Updated on January 10, 8:55 p.m.
On Tuesday, Donald Trump met with Robert F. Kennedy Jr., an environmental lawyer and activist, who also happens to be an outspoken vaccine conspiracy theorist. After the meeting, Kennedy told reporters it went “very well,” and said that Trump “asked me to chair a commission on vaccine safety and scientific integrity.” He also said that Trump called him to ask for the meeting.
But Hope Hicks, a spokeswoman for the Trump transition team, said in a statement that nothing is certain yet. “The President-elect enjoyed his discussion with Robert Kennedy Jr. on a range of issues and appreciates his thoughts and ideas. The President-elect is exploring the possibility of forming a commission on Autism, which affects so many families; however no decisions have been made at this time,” the statement reads. (It is interesting that the team refuted Kennedy’s statement that he would lead a vaccine commission by saying Trump is considering forming a commission on autism, when vaccines are not related to autism.)
But the prospect of a Kennedy-led vaccine commission is deeply troubling for proponents of evidence-based medicine. For over a decade now, Kennedy has been publicly saying not only that thimerosal, a preservative used in some vaccines, is dangerous and associated with autism, but that the government has been covering this up. He wrote an article about this claim for Rolling Stone in 2005, and published a book about it in 2014. Scientists have found no evidence that thimerosal in vaccines causes any harm, and furthermore, it hasn’t been used in vaccines for children since 2001, with the exception of the flu vaccine.
Kennedy said Trump is “very pro-vaccine, as am I,” but that Trump “has some doubts about the current vaccine policies.” For years, Trump has promoted the false link between vaccines and autism, and whether he himself is an anti-vaxer or not, he certainly has courted anti-vaxers at every turn on his road to the White House. This meeting with Kennedy suggests he will continue to do so.
Even before he entered politics, Trump said he believed vaccines cause autism. In an interview with the Sun-Sentinel in 2007, he said:
“When I was growing up, autism wasn't really a factor…And now all of a sudden, it's an epidemic. Everybody has their theory. My theory, and I study it because I have young children, my theory is the shots. We've giving these massive injections at one time, and I really think it does something to the children.”
In 2014, Trump tweeted: “Healthy young child goes to doctor, gets pumped with massive shot of many vaccines, doesn't feel good and changes - AUTISM. Many such cases!”
During the second Republican debate, he told a similar story: “You take this little beautiful baby, and you pump—I mean, it looks just like it’s meant for a horse, not for a child, and we’ve had so many instances, people that work for me,” he said. “Just the other day, two years old, two-and-a-half years old, a child, a beautiful child went to have the vaccine, and came back, and a week later got a tremendous fever, got very, very sick, now is autistic.”’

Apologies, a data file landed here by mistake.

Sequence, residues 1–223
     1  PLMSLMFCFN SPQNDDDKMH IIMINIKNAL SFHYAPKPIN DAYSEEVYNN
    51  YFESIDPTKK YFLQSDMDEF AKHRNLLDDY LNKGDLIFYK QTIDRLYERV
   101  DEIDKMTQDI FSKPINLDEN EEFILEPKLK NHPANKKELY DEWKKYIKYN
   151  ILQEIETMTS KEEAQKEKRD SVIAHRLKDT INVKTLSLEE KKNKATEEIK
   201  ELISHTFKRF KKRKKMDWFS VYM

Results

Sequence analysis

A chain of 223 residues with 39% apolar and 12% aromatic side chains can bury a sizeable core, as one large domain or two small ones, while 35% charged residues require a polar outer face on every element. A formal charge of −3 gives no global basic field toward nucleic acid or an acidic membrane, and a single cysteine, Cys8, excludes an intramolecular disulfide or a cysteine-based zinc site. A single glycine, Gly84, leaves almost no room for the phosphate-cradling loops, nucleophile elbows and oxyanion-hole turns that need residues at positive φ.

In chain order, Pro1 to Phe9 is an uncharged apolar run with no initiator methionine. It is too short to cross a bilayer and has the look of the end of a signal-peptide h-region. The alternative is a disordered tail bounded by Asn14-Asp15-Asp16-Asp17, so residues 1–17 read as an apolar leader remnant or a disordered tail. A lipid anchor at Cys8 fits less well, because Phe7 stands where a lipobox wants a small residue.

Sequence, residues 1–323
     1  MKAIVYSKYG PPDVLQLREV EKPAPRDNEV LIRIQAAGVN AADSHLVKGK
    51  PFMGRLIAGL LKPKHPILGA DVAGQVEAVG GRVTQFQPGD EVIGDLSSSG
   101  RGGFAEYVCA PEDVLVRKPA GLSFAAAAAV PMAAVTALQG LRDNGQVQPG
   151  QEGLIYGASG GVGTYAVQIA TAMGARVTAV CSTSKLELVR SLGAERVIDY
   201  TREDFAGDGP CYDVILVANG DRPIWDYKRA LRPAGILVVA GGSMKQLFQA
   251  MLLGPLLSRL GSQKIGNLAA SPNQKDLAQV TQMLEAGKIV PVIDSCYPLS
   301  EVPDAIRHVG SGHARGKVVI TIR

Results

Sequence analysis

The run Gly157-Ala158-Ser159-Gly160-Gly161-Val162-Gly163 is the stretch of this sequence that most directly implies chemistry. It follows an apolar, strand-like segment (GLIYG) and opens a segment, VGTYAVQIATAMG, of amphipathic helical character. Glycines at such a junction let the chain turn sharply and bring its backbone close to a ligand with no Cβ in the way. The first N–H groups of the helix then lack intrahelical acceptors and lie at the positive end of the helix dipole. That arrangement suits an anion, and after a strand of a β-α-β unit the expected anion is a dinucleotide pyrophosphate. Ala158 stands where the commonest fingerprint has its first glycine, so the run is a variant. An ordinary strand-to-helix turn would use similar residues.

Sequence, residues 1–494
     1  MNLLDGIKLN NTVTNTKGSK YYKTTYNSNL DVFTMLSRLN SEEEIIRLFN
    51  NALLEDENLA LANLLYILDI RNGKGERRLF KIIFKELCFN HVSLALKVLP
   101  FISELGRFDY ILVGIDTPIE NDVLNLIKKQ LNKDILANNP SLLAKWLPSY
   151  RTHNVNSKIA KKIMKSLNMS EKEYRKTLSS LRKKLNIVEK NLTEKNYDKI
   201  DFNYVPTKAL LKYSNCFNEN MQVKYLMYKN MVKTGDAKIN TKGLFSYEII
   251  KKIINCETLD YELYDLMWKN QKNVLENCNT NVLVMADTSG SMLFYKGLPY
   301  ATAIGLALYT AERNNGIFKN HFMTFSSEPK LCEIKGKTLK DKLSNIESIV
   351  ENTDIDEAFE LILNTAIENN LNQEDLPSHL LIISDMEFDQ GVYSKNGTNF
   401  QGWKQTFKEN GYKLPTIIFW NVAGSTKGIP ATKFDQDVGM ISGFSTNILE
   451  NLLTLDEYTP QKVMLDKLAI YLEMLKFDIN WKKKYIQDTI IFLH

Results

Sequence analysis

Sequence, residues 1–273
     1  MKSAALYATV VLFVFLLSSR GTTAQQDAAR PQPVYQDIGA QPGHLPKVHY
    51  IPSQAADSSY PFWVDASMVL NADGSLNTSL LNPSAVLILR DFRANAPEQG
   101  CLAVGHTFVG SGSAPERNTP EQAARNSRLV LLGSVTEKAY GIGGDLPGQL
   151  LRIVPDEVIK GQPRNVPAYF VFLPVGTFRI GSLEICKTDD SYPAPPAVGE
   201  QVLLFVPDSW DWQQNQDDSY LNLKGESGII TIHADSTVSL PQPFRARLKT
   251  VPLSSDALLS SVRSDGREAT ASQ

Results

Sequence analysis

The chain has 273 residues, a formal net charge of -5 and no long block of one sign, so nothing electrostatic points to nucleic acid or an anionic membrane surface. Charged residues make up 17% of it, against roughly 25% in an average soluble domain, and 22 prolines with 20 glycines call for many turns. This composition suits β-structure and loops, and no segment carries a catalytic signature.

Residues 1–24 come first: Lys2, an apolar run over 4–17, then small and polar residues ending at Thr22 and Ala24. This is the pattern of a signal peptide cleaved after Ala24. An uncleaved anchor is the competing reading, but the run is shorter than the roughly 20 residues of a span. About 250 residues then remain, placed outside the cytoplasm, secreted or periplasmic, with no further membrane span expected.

There is absolutely no evidence that links vaccines to autism. The only study that ever found a link was later revealed to be fraudulent, and was retracted. But still the myth persists, and has now been perpetuated by the president-elect of the United States.
Though he’s done some vaccine rabble-rousing, Trump has heretofore stopped short of saying children shouldn’t be vaccinated. In that same Republican debate, he said, “I’m totally in favor of vaccines. But I want smaller doses over a longer period of time … I had my children taken care of over a long period of time, over a two or three year period of time.”
In another 2014 tweet, he said ,“If I were President I would push for proper vaccinations but would not allow one time massive shots that a small child cannot take - AUTISM.” By “one-time massive shots,” he likely means schedules where children receive vaccinations for several diseases in one appointment.
Slate has called Trump’s position “slow-vax” as opposed to “anti-vax.” However, anti-vaxers, including Andrew Wakefield, the author of the debunked autism study, have long seen him to be on their side.
“I feel very positive about this, because Donald Trump is not beholden to the pharmaceutical industry,” Wakefield said in an interview with STAT after the election.
Kennedy seems to feel similarly. “I think President Trump can be any kind of president that he wants to be. He’s probably come into office less encumbered by ideology or obligations than anybody who has been in political office.” Perhaps anti-vaxers and vaccine conspiracists see an ally in Trump’s supposed “outsider” status.
And despite all the attention anti-vaxers get, it is important to note that it is still a fringe opinion. Eighty-three percent of Americans, when asked in a 2015 Pew survey, agreed with the science and said they believed vaccines are safe for healthy children.
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